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Hockey is a game best played with an edge. That has been true for as long as the game has existed. And the game's best players ALL had to learn to deal with the rougher elements of the sport. Players like Mess, Howe, Neely, Rocket all used intimidation. Guys like Gretzky, Lafleur, Francis and Lemieux all learned ways to avoid taking those big hits and to be fair probably got some measure of protection from officials or teammates as well.

There are some players however fall in between. Jean Beliveau is generally regarded as one of the classiest players to ever play the game. His first two years with th Habs he struggled with the physicality of the NHL. He was a clean player who never retaliated and got pushed around depite being 6'3 and 200 lbs. (A huge man in those days) As the story goes, at the beginning of the 55-56 season Rocket and Harvey told Beliveau how to take care of himself, and that if ever it got out of hand they would help him out. The result? 143 penalty minutes. A Habs record that stood until John Ferguson came to town. The following year 105, then 93. By then everyone got the message and backed off of him.

Players like Mess and Howe and Orr all had a number of fights early in their careers. Howe and Messier used their reputations to continue to intimidate their foes. Players like Beliveau and Orr used theirs to get a little extra room on the ice.

Does that make them dirty? I don't think so. As opposed to specialist players who do one or two things well, but are deficient in other areas; I think it makes them complete hockey players who can all shoot, hit, pass, fight and skate with great effectiveness. About the only thing they didn't do was stop the puck.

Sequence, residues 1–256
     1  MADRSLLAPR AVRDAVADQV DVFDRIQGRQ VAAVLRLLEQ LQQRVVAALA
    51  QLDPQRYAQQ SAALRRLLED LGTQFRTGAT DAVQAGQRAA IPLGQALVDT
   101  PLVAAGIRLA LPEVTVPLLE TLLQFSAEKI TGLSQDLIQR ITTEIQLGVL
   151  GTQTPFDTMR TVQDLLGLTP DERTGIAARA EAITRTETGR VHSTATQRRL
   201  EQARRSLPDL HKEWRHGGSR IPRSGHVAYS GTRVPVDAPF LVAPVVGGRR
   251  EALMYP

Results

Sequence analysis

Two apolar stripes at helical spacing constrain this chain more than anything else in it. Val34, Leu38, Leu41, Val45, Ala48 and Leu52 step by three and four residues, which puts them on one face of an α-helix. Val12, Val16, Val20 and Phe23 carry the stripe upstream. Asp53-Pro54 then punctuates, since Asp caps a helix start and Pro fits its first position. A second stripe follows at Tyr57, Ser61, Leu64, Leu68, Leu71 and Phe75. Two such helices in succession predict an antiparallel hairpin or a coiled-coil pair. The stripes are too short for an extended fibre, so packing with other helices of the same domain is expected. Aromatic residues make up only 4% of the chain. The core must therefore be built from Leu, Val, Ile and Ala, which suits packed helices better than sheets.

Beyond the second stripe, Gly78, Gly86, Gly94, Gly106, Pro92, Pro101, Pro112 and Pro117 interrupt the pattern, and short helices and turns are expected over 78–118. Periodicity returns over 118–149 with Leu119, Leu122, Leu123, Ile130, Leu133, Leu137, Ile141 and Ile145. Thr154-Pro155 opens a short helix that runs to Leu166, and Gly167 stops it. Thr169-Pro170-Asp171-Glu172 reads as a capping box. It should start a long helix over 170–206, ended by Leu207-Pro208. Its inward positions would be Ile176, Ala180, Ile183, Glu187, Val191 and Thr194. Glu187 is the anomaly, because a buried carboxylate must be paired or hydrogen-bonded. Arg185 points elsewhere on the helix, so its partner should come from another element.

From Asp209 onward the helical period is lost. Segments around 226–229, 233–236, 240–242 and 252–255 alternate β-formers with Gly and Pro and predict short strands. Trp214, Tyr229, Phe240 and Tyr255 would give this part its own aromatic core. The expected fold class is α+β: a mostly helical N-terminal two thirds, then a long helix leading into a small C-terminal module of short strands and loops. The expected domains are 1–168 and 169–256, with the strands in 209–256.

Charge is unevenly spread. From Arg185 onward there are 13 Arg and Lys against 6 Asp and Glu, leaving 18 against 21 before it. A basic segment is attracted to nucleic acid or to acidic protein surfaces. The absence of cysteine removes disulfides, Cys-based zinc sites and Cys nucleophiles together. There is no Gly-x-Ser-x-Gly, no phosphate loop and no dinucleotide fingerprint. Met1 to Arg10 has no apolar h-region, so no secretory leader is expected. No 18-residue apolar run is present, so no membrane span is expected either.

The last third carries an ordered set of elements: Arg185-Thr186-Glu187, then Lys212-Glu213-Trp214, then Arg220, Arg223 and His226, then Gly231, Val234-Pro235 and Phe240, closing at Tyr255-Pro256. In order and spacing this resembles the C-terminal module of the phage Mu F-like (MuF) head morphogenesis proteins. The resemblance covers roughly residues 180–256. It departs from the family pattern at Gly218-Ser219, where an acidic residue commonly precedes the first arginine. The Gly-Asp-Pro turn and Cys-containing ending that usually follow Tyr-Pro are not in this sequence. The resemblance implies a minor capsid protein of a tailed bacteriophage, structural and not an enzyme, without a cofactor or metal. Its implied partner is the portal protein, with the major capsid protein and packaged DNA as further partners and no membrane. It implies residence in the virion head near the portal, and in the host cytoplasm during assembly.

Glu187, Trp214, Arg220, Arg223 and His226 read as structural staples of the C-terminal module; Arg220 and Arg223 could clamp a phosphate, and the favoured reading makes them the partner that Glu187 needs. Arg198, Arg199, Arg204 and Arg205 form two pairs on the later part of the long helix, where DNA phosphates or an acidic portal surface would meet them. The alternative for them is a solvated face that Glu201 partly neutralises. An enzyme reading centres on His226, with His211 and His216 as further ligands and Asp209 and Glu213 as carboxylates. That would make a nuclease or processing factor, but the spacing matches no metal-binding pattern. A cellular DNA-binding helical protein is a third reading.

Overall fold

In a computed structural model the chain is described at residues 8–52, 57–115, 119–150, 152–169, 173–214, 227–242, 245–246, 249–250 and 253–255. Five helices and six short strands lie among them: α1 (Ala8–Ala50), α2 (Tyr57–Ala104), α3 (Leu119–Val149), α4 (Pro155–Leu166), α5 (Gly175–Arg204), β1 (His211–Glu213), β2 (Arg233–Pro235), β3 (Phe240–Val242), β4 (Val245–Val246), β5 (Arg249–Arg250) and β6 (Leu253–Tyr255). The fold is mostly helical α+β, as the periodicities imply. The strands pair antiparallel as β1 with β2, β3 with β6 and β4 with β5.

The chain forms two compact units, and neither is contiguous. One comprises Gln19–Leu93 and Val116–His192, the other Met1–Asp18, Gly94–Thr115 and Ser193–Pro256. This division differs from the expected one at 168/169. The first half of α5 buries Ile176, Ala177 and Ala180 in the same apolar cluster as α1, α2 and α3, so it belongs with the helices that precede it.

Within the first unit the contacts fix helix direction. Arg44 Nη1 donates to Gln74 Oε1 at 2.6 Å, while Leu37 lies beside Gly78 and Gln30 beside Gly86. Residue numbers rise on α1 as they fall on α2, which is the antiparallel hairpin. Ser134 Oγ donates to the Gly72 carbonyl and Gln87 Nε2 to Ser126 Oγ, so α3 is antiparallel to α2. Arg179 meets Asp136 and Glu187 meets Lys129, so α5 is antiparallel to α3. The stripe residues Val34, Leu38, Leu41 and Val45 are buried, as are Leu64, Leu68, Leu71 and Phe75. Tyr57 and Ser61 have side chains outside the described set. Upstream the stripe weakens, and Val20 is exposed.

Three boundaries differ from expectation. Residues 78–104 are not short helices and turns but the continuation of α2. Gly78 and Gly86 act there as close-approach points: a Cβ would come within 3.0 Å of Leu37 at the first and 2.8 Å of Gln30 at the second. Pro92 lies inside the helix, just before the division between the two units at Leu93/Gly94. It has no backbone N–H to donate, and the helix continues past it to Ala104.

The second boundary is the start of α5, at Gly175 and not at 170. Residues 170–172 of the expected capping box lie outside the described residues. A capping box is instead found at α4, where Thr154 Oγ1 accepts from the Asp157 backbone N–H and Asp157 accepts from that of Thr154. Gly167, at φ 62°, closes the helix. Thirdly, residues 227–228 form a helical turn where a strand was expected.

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03-03-2006, 12:44 PM
  #43
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Quote:
Originally Posted by chooch
Did'nt hear about it? It was a five minute major and Gainey was still unconscious when the feed came back after commercials. That was the other shoulder separated.

It was a vicious series like all of them in the east. The Isles took out Chelios and then someone took out Potvins knee and he was gone for a bit.
Yes, I remember the Trottier hit on Gainey. It was a bigtime charge. Gainey came from one side of the net and Trottier used the net to shield himself and flew in from the other side, jumped up and elbowed Bo. Serious cheapo hit. The Islanders were a cheap team though. Bunch of hacks. But, hey, they chopped and slashed their way to four cups. You do what you gotta do.

Maurice Richard and Doug Harvey were very dirty players also. The Rocket used his stick a lot, clubbing people over the head (and refs too). Of course, he faced a lot of racism and the refs never gave him a break. He had to take matters into his own hands and was a good fighter too. He and Howe had a couple good tilts, but Howe was considered the better fighter.

Harvey was a master swordsman. He could carve anyone to pieces. He loved to spear guys. My grandfather used to hang out and drink with him and he told him his old war stories. He took pride in it. Guys would NOT go into the corners with him. Watch any old tape of him and you'll see it's true too. I slo-moed a tape on him once and he was whacking guys in the leg, canopeners, everything.